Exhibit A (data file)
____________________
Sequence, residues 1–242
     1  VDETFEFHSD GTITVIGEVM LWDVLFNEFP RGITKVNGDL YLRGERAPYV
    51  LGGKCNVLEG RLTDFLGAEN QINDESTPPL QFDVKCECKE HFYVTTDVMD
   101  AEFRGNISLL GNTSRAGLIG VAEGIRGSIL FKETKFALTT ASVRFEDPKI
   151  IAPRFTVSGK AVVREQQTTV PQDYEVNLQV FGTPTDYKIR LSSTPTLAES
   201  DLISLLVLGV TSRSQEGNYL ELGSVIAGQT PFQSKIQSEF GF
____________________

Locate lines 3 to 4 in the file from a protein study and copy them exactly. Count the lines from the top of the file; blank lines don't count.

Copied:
    51  LGGKCNVLEG RLTDFLGAEN QINDESTPPL QFDVKCECKE HFYVTTDVMD
   101  AEFRGNISLL GNTSRAGLIG VAEGIRGSIL FKETKFALTT ASVRFEDPKI